Who was amongst the first to fly to Kenya this week to try to mitigate the rise in violence? US Assistant Secretary of State for African Affairs Jandayi Frazer met President Kibaki on Friday 4 January. She, a supremely confident black woman, brought with her the self-assuredness personified by America at its best. Can the Britons who berate me about the lack of ethnic minority leadership in the United States tell me how many European minority men and women have the power and influence of the Powells, Winfreys, Rices and Obamas of this world?

About thirty years ago a stunning film, ’The Autobiography of Miss Jane Pittman,’ was broadcast on American television. In a tour de force Cecily Tyson played an ancient African-American woman, born in slavery, who had lived almost a century without seeing a true leader emerge worthy of being called a Messiah for her people. Whenever a new black baby was born, she would look at him and murmur, ’Is he the one? Is he the one? ’ The film was searing and moving. It was made at a time when black-white relations were at a miserable low. The babies were born but there was no hope. The film left one in tears. The events in Iowa this week have brought its message full circle.

Obama has struck a chord with Iowans that may very well resonate across the huge American expanse. He has stressed American-ness, rather than race or creed. He makes crowds feel that he cares about them. He comes from a background to which more and more Americans relate; he was not born into wealth and his mother ended up raising his as a single parent.

I saw Barack Obama speak in Philadelphia in 2004, just a few streets away from Independence Hall, where the Great Experiment had started in 1776. He told a story that shook me to my foundations. He said that he had witnessed burly white men campaigning for him in Illinois wearing Obama buttons and cheering him on the stumps. A mature citizen had told him that those same men had been young, bigoted rednecks forty years ago but that they were now passionate supporters of Obama. He told the story with charm and without bitterness. He made us feel he held no grudges about Jim Crow but wanted all of us to be part of the dream of Jefferson, Franklin and the Founding Fathers.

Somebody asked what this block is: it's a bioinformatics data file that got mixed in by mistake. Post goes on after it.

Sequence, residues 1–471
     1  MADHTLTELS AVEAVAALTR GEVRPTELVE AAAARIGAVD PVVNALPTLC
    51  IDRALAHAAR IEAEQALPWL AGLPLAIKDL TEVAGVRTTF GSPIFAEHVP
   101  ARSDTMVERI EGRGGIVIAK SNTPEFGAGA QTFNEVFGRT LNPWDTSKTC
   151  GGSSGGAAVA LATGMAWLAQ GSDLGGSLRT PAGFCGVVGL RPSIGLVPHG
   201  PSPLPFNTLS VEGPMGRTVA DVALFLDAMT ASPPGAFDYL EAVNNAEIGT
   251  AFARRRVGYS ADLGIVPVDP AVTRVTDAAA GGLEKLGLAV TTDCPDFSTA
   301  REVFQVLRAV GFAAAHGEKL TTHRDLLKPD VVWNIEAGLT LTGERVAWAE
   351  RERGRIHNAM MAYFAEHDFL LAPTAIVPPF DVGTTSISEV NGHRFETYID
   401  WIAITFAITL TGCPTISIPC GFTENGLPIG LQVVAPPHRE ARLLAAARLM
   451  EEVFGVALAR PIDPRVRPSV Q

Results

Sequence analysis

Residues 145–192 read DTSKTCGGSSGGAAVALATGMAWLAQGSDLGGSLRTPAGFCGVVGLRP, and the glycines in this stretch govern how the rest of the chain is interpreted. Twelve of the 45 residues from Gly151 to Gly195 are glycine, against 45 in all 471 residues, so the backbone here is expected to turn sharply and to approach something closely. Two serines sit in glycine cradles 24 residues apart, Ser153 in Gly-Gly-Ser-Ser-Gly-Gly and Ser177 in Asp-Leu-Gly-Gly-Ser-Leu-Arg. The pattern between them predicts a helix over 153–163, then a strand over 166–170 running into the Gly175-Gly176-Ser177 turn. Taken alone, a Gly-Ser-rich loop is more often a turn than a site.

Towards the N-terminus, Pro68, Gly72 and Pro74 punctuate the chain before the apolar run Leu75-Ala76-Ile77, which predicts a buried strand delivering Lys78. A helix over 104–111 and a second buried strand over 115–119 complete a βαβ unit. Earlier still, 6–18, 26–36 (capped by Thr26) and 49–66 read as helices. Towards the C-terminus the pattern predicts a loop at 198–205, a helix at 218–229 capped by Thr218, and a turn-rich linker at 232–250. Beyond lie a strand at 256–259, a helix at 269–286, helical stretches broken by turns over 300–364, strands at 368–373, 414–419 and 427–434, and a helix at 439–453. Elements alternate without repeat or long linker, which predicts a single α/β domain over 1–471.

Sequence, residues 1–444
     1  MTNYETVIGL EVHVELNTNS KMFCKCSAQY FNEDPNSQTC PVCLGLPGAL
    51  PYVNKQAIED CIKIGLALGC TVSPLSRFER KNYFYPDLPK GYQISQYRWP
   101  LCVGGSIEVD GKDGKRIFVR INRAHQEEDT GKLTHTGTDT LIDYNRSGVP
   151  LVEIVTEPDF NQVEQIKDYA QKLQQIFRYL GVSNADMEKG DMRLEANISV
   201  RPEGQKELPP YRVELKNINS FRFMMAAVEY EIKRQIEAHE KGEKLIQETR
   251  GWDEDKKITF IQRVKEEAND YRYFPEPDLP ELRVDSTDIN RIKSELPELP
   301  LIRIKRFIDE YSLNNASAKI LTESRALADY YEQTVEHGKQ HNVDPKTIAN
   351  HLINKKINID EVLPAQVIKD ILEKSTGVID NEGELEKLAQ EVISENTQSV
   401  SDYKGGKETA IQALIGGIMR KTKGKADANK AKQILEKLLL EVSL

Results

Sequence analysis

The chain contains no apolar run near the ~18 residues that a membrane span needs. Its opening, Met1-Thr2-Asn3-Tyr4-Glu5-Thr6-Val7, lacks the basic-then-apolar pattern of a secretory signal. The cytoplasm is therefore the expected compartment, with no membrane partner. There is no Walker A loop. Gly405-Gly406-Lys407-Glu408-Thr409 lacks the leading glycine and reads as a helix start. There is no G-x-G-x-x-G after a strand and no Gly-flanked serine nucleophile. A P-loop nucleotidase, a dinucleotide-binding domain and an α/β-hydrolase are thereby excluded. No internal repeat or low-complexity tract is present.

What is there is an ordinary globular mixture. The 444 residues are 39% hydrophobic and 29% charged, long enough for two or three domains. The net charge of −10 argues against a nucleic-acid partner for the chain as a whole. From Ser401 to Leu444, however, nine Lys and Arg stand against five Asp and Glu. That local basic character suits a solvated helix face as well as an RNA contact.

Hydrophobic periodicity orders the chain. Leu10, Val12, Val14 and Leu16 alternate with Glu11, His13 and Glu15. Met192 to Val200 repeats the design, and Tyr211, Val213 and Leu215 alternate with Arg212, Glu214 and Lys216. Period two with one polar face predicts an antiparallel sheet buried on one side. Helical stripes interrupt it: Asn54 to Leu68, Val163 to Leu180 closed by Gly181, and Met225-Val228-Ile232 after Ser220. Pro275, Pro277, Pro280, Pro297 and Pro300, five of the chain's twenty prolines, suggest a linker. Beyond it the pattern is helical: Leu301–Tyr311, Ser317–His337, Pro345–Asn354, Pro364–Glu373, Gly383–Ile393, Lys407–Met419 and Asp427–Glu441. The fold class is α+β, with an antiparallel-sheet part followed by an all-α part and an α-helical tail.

Looking at Obama from the viewpoint of the right, his visit with Kenyan opposition leader Odinga in August 2006 was seen as a friendship with a fellow Luo tribesman who has evinced sympathy for the inclusion of sharia law in Kenya. Many in the United States worry that Obama may even be hostile to Israel and might dismantle that alliance. These are real concerns that exercise the conservative wing of the American electorate.

There is a distinct possibility Michael Bloomberg will be drafted in as an Independent. The American press, unlike the British media who revel in ‘Jewish’ and ‘Zionist’ labels the minute a Jew enters politics, will dine out on Bloomberg’s great successes and not on his Jewish connections. Like Obama, Bloomberg does not dwell on his ethnic origins but sees all New Yorkers as his family, the way Obama sees all of America as his. Then there is Mike Huckabee, the son of impoverished hillbillies but a man who has struck a chord with what is emerging as a new America.

In 2006 something happened that the British media missed; in fact, there was virtually no coverage of the midterm elections in November 2006 hence Britons knew little of the revolution that took place. Not only were the Republicans thrown out of control of Congress but Bernie Sanders, ’Democratic Socialist,’ was elected junior Senator from Vermont. He is the son of Polish-Jewish immigrants and a former member of the anti-Vietnam War Liberty Union Party. A Socialist in Congress? This is not the stupid, Zionist-driven, reactionary nation characterised over and over again to me in London and Cambridge soirees.

Whatever the outcome of the primaries the dynamism of the television debating process far outshines any public discourse leading up to British elections. Kenya and Pakistan have been convulsed in violence because of elections but the United States is bounding along with dignity and energy as it shows the world how the democratic process is meant to evolve. Hopefully this magnificent sequence of events will silence at last the voices who love to make me feel I come from a violent, uncouth and unintelligent nation of racist nincompoops. Whoever wins the nomination, be it Italian- American Guiliani or Kenyan Barack Obama or blueblood Hillary Clinton or Jewish Michael Bloomberg, this year will show the global community that the melting pot of America is thriving and evolving and can only be a beacon of hope to the rest of the world.
Carol Gould's new book, 'Don't Tread on Me,' about anti-Americanism, is to be published this year in the UK and USA by Social Affairs Unit and Encounter Books; she is also the author of 'Spitfire Girls,' about the women transport pilots of WWII.